US Update Brings OneUI To Your Galaxy Tab S3 & Tab A (2017)


Samsung is now pushing a new update to its 2017 Galaxy Tab S3 and Tab A model tablets in the U.S., delivering OneUI and security enhancements. That's based on various reports from around the web, which indicate that both updates are arriving over-the-air now.

While that global update applied to both Wi-Fi and mobile data variants, this latest applies only to Wi-Fi models. For the Samsung Galaxy Tab S3, the update brings the firmware version number to T820XXU3CSH9. The South Korean tech giant's Galaxy Tab A (2017) will land at T380DXU3CSHC. The mobile variants will undoubtedly follow soon enough.

Users can check their firmware version and update by navigating to the Settings app on their device. Under the "Software Update" menu, the version will be displayed and an option will be available to download updates manually.


In some cases, the manual option can trigger a firmware download ahead of the standard over-the-air arrival.

Features with this Galaxy Tab update

Now, this isn't the first time that OneUI based on Android 9 Pie has been shipped to these tablets. The rollout to these tabs in other regions started last month.

Both updates weigh in at 1.28GB. That's largely because there are several major UX and UI changes. Among the biggest features is the inclusion of a Night Mode. The mode darkens elements of Samsung's new interface for easier reading.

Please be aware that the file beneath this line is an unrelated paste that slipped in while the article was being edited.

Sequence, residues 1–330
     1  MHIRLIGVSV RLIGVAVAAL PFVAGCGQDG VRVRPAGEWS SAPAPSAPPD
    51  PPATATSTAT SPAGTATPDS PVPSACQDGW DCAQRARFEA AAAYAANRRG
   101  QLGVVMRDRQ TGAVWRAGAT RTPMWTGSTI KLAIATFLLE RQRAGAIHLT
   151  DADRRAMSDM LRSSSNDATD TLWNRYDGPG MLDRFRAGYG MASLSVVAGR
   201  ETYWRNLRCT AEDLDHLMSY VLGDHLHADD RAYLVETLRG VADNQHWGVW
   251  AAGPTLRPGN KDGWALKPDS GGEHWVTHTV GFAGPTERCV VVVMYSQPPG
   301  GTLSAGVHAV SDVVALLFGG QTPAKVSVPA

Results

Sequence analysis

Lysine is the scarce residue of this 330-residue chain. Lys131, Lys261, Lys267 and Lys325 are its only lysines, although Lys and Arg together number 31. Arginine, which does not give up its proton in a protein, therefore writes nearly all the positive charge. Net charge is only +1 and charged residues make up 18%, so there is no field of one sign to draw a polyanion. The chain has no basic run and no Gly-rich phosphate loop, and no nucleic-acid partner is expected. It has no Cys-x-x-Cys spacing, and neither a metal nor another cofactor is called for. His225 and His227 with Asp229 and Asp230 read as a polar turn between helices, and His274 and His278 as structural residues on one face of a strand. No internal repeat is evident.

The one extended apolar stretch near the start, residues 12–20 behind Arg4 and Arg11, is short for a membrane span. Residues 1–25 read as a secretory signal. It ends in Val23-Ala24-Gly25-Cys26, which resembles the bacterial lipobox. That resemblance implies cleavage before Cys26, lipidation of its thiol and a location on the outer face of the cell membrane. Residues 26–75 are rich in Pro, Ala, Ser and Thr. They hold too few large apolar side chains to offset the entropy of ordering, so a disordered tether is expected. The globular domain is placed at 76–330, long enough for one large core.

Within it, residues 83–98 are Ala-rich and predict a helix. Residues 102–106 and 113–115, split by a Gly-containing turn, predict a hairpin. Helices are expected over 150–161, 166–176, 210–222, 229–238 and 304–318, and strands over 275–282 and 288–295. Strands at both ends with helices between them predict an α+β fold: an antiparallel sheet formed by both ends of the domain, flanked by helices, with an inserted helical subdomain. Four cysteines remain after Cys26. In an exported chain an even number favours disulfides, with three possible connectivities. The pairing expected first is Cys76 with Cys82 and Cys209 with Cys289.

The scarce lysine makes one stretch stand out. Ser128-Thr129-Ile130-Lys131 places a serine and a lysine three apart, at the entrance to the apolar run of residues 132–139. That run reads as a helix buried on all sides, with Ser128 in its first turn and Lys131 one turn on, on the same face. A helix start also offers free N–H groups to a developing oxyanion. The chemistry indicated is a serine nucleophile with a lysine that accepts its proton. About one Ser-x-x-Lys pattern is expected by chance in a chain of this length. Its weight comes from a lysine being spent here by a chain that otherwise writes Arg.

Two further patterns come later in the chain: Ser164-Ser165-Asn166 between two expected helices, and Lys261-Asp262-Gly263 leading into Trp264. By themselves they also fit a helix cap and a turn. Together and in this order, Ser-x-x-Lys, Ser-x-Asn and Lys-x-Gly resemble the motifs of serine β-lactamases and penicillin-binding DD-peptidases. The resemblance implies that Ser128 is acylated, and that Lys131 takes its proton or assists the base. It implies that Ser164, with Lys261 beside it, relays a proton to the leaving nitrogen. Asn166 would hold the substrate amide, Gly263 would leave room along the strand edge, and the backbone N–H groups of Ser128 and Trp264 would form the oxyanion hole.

Bixby also makes a return here in a more fully-featured iteration, alongside new emoji for messaging, and a changeup for device management tools. Namely, the latter is the Settings-based tool for managing battery, storage, and memory. That has been renamed to a more user-friendly "Device Care" from "Device Maintenance." For emoji, this is the Unicode 11.0 update, bringing more inclusive emoji across the board as well as new ones.

The most noticeable change won't be those but the OneUI interface itself. In the simplest terms, Samsung's OneUI moves interactive elements so that they're more easily accessed without stretching too much. Non-interactive elements take their place near the top of the UI.

The notable exception

There is at least one device from the list of tablets still on sale from Samsung that is missing here, however. That's the company's Galaxy Tab S2. The device offers an alternative to newer, more expensive models and it makes sense that Samsung would continue selling it. It is odd that the company does so without providing updates. Especially with consideration for the number of security fixes released in the interim.


Now every device being updated here is getting the newest security either. The U.S. Wi-Fi variant of Samsung's Galaxy Tab A from 2017 is only being moved forward to the June security patch. That means it's missing around two months' worth of critical and high-level severity fixes, as well as lesser patches. That's no less than three months behind if the newest September patch is included.

Similarly, Samsung has only updated the Galaxy Tab S3 to the August 2019 security patch level.

Security updates may or may not continue to arrive for these devices and the still-on-sale Galaxy Tab S2 hasn't received one. But this latest firmware update likely represents the last that either will receive in terms of new versions of Android.